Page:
Residencia Milan 1 is a painting of a house surrounded by lush forest. The image depicted is both photorealistic and creates the illusion of an unfolded piece of paper, with creases and discolorations. In referring to the circulation of images, the painting raises questions of a viewer’s relationship to the image of a beautiful house: as icon, wish, or standard of beauty.
Many of Araujo’s works depict reproductions and Libro Ponti II is a recreation of a book on Italian architect Gio Ponti. Ponti designed the Villa Planchart a private, modernist house in Caracas, Venezuela, which at the time it was built in 1956, reflected the emergence of a class increasingly globalized, both culturally and economically. Araujo’s replica of the book thus refers to the role and visibility of Venezuela in circuits of global cultural production.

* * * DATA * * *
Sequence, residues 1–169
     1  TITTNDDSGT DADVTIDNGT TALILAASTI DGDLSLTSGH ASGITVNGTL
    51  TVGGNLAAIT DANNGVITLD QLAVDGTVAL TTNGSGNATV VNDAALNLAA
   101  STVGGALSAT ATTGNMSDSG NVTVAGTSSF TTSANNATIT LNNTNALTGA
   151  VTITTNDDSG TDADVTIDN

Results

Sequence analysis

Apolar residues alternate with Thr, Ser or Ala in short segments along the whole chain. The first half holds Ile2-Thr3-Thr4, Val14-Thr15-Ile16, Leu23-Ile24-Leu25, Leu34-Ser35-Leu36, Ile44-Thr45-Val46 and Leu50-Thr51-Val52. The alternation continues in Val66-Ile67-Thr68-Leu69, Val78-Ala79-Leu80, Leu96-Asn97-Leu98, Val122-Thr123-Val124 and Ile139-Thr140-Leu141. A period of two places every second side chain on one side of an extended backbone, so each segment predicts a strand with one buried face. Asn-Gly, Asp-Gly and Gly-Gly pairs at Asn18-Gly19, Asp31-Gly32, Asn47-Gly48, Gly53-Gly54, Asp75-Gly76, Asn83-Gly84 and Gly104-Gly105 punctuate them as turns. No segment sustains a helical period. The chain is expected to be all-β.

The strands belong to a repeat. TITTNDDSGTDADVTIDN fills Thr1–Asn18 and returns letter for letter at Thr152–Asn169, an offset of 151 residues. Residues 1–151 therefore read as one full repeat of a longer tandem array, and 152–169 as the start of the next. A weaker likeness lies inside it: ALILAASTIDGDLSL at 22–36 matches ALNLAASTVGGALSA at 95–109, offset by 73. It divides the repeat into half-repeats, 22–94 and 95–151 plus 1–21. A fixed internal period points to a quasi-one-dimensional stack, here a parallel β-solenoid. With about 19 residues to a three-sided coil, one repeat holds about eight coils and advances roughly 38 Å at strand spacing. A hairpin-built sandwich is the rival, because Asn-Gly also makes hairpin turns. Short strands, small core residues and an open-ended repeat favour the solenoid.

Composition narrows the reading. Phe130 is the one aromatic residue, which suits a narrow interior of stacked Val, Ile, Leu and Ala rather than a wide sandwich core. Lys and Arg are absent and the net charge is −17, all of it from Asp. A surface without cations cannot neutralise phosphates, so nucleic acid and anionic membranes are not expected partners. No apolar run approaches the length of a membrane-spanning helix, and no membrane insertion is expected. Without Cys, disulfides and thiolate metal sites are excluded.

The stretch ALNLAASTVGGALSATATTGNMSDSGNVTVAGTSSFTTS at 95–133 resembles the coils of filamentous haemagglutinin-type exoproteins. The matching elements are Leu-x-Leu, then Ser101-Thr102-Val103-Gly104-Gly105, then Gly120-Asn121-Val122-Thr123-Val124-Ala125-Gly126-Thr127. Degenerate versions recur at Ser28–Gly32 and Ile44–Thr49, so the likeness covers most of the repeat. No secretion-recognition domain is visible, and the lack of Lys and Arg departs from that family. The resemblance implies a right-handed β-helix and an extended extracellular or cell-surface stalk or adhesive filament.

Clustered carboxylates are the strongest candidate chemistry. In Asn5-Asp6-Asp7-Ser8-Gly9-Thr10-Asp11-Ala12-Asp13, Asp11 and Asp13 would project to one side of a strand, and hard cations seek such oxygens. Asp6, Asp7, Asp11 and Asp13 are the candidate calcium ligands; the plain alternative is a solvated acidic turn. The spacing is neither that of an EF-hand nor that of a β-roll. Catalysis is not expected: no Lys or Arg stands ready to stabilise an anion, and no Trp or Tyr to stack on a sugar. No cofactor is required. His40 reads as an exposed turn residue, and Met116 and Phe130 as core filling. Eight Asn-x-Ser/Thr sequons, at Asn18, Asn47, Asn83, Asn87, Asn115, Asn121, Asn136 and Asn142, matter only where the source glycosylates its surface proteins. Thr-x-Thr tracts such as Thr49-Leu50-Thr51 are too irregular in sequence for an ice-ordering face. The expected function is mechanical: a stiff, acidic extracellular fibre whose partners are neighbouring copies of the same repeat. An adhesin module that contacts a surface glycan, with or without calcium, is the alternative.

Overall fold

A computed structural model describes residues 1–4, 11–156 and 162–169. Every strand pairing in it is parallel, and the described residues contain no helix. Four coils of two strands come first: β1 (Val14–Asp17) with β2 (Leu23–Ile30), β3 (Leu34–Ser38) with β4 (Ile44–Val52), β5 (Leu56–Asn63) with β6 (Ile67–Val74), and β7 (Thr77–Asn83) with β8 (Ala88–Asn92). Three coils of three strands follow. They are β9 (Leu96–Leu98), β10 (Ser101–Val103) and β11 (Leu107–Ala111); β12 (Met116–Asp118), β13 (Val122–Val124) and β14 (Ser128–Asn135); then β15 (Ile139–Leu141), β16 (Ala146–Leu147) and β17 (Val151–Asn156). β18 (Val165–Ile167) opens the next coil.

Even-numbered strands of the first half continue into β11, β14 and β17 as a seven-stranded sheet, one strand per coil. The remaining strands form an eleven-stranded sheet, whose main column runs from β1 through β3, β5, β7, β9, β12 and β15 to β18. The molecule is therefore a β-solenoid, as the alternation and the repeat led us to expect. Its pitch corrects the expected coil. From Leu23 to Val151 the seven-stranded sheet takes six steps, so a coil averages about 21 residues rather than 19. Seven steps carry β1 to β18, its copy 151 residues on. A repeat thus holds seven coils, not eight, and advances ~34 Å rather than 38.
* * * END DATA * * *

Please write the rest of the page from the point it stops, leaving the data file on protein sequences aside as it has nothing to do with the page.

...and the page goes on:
Juan Araujo’s works often begin with photographs he takes of a physical site. By reproducing fragments from urban images, facades and different architectures, he makes visible a tension between the desire to represent and the visual stereotypes. Araujo’s most recent paintings examine Venezuelan and Brazilian modernist architecture and the latter’s complex relationship to certain ideologies and belief systems that deeply marked Latin America’s cultural development in the mid-twentieth century.